Violin Concertos Nos 1 & 2; Cinderella – Grand Waltz*; The Love for Three Oranges – March*; Romeo and Juliet – Dance of the Knights*
*(arr. T Batiashvili)
Lisa Batiashvili (violin); Chamber Orchestra of Europe/Yannick Nézet-Séguin
DG 4798529 59:49 mins
We are well past the days when rough-and-ready accounts of Prokofiev’s two violin concertos were the norm. Lisa Batiashvili’s new recording may be added to the now more than a handful of technically immaculate recordings of these inspired and beautiful works. It makes a less than happy start, though, with an ill-conceived arrangement (by Batiashvili’s father, Tamás) of Dance of the Knights. Though fairly well established as an encore piece arranged for violin and piano, as are the other two ‘lollipops’ included on this album, it hardly follows that its effectiveness is increased by adding virtually the full weight of Prokofiev’s original orchestration: certainly, pitting a solo violin against grand stomping heavy brass and bass drum is ludicrous.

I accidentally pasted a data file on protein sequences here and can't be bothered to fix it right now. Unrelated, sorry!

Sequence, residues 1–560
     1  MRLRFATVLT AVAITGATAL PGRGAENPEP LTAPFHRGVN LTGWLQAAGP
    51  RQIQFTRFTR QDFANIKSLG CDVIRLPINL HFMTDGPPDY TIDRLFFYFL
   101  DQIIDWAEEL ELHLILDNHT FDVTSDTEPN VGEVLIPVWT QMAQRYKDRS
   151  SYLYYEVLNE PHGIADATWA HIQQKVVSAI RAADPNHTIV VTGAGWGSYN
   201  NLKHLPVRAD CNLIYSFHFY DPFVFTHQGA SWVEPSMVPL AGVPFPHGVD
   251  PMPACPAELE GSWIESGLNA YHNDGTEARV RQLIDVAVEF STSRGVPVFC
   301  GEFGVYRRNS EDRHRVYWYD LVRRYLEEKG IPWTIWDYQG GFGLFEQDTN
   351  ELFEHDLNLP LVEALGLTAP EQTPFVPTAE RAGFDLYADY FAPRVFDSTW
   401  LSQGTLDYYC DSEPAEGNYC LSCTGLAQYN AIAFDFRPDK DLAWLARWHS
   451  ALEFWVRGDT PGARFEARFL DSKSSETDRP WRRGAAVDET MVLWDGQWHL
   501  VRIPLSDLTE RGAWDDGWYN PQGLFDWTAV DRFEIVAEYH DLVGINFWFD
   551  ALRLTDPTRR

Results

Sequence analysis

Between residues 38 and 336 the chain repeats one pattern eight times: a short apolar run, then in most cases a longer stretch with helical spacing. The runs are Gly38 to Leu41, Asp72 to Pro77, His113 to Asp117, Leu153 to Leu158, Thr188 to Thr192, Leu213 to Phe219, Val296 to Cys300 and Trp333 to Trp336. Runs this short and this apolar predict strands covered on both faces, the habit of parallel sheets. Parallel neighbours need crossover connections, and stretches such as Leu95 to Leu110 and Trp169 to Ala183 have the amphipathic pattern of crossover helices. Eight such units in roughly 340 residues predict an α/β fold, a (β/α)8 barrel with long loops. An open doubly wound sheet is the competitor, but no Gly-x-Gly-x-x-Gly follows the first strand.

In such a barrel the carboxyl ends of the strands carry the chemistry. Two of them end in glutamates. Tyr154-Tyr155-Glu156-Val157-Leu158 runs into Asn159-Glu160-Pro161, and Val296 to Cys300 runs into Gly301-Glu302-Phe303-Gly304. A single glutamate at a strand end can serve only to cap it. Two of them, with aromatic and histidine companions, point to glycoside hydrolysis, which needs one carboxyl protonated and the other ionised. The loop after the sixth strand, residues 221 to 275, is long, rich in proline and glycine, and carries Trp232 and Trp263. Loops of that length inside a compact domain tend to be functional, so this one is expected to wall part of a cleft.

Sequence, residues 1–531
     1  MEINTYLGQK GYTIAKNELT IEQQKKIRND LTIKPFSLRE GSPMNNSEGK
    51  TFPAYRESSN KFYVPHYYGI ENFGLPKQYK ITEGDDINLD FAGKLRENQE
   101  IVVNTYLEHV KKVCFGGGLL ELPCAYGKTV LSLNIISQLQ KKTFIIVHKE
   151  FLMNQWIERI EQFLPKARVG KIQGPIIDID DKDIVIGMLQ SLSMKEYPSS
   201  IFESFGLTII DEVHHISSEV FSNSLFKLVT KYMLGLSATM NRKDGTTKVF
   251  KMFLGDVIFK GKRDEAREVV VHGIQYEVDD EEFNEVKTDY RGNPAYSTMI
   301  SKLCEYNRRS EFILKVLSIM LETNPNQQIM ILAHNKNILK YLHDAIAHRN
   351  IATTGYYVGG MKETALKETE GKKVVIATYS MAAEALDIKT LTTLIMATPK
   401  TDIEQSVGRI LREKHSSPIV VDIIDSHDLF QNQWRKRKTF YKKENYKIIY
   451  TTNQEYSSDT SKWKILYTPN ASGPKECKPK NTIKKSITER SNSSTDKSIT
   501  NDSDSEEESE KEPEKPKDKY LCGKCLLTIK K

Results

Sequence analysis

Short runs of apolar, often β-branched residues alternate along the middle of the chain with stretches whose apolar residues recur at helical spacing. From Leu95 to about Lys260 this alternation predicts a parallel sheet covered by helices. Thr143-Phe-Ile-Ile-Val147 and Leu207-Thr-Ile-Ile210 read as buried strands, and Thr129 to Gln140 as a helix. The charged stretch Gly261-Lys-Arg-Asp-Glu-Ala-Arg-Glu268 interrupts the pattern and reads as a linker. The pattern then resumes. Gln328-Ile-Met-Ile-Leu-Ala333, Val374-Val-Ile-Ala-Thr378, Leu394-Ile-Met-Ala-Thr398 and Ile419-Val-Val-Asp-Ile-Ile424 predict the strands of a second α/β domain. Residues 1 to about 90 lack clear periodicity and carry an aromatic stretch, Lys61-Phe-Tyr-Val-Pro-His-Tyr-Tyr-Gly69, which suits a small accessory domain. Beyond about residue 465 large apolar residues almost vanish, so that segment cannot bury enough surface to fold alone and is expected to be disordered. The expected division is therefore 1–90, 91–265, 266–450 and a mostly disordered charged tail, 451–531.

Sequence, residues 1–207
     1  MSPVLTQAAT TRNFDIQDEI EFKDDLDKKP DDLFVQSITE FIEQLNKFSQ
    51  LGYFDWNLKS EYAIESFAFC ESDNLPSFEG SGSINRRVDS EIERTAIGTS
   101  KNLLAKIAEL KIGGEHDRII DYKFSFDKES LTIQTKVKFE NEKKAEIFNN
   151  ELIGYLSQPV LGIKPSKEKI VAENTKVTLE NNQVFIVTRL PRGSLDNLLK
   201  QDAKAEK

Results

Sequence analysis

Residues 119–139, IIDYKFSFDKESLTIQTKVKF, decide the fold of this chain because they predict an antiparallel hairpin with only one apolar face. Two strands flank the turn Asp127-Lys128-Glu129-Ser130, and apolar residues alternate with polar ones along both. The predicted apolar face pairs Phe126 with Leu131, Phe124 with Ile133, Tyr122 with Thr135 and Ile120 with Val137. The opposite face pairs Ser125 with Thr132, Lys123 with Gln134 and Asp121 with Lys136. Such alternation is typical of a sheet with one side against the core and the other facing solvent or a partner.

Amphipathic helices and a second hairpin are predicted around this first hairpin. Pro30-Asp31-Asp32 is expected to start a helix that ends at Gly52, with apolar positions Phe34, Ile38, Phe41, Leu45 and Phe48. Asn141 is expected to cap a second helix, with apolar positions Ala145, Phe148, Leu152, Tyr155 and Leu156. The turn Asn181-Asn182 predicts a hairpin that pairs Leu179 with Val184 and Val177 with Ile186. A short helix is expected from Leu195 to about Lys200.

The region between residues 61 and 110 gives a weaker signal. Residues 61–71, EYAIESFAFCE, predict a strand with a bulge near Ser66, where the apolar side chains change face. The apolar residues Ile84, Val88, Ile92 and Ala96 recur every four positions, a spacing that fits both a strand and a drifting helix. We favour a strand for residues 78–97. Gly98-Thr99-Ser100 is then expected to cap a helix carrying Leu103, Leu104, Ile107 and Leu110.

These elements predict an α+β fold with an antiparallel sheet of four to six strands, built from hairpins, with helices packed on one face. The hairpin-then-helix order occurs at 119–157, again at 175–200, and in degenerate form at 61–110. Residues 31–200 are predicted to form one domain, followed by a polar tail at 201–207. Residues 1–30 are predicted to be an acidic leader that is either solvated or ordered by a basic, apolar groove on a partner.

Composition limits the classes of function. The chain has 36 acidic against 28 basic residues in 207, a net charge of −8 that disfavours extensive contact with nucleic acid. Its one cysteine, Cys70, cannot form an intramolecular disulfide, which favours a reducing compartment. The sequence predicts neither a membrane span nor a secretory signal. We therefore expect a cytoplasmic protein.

This ham-fisted arrangement, however, acts as something of a foil to Prokofiev’s ethereal scoring of Violin Concerto No. 1 that follows. Both this and the Second Concerto get well-polished accounts, Batiashvili presenting attractively singing tone, with no ugly sound from either her or the orchestra under Yannick Nézet-Séguin. But what I miss from both is any sense of engagement, let alone a sense of fresh discovery in their performances: like an oft-travelled car journey, everything is smoothly and understatedly negotiated, with barely any rubato in the established tempo to relish the passing view. There is no sense of rapt enchantment in the First Violin Concerto, though the wonderful orchestration at the end of the first movement comes across well; and any sense of menace or excitement in the finale of the Second Concerto is seriously under-characterised.